La Calòrica IN RESiDENCE at the School Barri Besòs


At the start of the project, La Calòrica theatre company proposed to share the creative process behind a theatre work with the pupils. The idea was to enable the pupils to join in the decision-making so that they would experience the whole process as their own. La Calòrica decided that stage director Israel Solà should be the most visible face of the company, going to the school more often, while the other members would go occasionally, when different disciplines were involved: Joan Yago for dramaturgy, Albert Pascual for set and costume design, etc.

The first term, from October to December, was devoted to getting to know each other. The various members of La Calòrica introduced themselves at different sessions, telling the pupils about their creative methods and showing them examples of their work (in videos, photographs and even models and figures from the company’s leading productions, such as L’editto bulgaro or La nau dels bojos). This initial period was also used to show the group (and allow them to try for themselves) the different disciplines involved in creating a theatrical work: from writing the text – with Joan Yago— to performing the piece – with Esther López and Xavi Francés— as well as building the set and designing costumes – with Albert Pascual for both aspects. In short, the idea was to give the pupils a taste of all the activities involved in creating and performing a play.

After the Christmas holidays, it was time to begin defining the project. La Calòrica had an idea: the company was due to premiere Fairfly, a show for adults about success and its consequences, with performances from March 2 to 26 at the Teatre Tantarantana. The idea then arose of creating a show about success based on the opinions and interests of the young people in the group. What does success mean to them? And what is failure? Does anything go in order to achieve success? What role does success play in achieving happiness? Israel Solà asked the pupils all these questions, and the group worked on them through writing and improvisation exercises. This led to the discovery that one pupil, Jose, is a master of solving Rubik’s cube (he can resolve it in just seconds) and, as a result, the group decided to use these cubes as a metaphor for their own success and failure.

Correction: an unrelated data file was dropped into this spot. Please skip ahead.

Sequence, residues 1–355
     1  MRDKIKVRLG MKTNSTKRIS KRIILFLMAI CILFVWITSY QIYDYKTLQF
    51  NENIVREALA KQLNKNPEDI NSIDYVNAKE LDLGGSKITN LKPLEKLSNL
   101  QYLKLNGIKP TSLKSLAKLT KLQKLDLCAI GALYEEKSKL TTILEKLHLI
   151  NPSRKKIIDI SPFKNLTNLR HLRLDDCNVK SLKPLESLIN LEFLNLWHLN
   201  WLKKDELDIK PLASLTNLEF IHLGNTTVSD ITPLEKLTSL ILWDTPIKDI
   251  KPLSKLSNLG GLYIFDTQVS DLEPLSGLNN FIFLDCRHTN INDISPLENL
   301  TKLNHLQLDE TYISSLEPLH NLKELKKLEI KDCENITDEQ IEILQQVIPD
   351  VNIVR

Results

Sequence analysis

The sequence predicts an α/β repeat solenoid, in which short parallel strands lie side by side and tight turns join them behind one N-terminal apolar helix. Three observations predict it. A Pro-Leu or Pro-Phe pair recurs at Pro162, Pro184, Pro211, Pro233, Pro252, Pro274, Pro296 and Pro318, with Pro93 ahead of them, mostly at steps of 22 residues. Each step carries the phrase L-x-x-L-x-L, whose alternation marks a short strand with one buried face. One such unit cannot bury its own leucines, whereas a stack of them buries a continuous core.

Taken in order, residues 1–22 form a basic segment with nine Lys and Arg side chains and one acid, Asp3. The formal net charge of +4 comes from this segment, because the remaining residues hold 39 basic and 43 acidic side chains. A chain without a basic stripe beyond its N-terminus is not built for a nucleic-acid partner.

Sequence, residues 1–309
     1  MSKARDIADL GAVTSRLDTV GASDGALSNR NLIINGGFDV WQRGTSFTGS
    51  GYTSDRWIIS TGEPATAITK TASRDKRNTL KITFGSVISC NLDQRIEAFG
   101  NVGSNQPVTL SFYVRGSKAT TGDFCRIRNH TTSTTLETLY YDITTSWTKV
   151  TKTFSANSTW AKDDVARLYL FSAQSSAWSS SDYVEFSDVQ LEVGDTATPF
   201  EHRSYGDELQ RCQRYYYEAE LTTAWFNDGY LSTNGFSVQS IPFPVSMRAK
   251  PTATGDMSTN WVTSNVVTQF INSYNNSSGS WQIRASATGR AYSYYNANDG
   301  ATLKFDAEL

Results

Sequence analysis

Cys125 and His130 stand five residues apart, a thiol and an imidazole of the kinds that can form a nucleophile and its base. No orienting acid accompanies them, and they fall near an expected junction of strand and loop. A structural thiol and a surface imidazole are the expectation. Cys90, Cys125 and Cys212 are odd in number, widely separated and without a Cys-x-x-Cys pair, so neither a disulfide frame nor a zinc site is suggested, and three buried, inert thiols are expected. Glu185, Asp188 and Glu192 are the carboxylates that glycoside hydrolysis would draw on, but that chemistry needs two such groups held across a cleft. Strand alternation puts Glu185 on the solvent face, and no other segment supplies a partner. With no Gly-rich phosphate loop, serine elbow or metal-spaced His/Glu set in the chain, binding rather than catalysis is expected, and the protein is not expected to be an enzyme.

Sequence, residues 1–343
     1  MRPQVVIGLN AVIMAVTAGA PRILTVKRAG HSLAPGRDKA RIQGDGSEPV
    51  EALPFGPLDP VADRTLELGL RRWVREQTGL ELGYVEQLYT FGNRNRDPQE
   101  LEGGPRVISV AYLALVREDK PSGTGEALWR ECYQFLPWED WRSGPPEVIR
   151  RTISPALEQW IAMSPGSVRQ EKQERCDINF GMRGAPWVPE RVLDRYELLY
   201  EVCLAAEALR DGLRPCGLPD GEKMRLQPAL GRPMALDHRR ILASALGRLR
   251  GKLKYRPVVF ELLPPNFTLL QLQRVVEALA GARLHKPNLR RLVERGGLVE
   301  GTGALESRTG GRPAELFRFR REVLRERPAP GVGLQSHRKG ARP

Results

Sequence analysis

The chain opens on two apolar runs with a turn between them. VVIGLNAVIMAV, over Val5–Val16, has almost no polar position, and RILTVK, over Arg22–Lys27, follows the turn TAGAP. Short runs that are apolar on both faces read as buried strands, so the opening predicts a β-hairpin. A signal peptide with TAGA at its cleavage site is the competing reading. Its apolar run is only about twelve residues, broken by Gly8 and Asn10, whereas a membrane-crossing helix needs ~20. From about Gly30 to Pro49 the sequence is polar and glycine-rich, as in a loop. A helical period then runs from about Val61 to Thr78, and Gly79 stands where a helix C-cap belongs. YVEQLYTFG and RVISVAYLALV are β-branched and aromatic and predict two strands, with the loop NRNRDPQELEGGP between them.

Little by little, the group created the three parts of what finally became a show entitled Rubik. Firstly, there was an introduction, formed by a list of wishes and dreams, things that the pupils themselves would like to happen and which they would consider a step along the path to success. Secondly, a series of scenes revolving around the 13th Annual Rubik’s Cube Competition, in which the pupils play the roles of people of their own age, from different backgrounds, who take part in the contest and want to win at all costs. Finally, a third, more evocative part in which a voice off closes the piece by narrating the different possible endings to the story.

Israel Solà gave the final form to each of these three parts (writing the words on a sheet of paper, cleaning it up and choosing some words and not others). However, all the words emerged from exercises that he or other members of the company suggested to the group: from asking them to make a list of things that they would like to change or world or simply to take place, to getting them to improvise on the theme of the Rubik’s cube competition, based on an idea suggested by La Calòrica. In this case, Israel guided the improvisation exercises in one way or another and, later, at home, wrote the scene down on paper.

Over the closing two months of the project, by which time Israel had got the work more or less written, the group began to assemble the piece with the actors. Little by little, the performers became aware of the difficulties entailed in acting: learning the script, acting naturally, voice projection, etc.


The final month was the most intense in the project. There were extra rehearsal sessions and, on occasion, the whole morning (from 10 am to 2.30 pm). Gradually, however, the piece began to take shape.


Over the course of the residency, a series of activities was organised, involving various companies and theatre:

26 October 2016: visit to the Sala Beckett to attend rehearsals for the play La desaparició de Wendy, by Josep M. Benet i Jornet, directed by Oriol Broggi, in the Sala de Baix room.

24 November 2016: attendance at an evening performance of Josep M. Benet i Jornet’s La desaparició de Wendy, directed by Oriol Broggi, in the Sala de Baix room.

2 March 2017: attendance of a matinée performance of Wasted, by Kate Tempest, directed by Iván Morales. Wasted is an Íntims Produccions production performed in the Sala de Dalt room at the Sala Beckett.

8 March 2017: attendance at an evening performance of Fairfly, written by Joan Yago and directed by Israel Solà. Fairfly is La Calòrica production staged at the Teatre Tantarantana.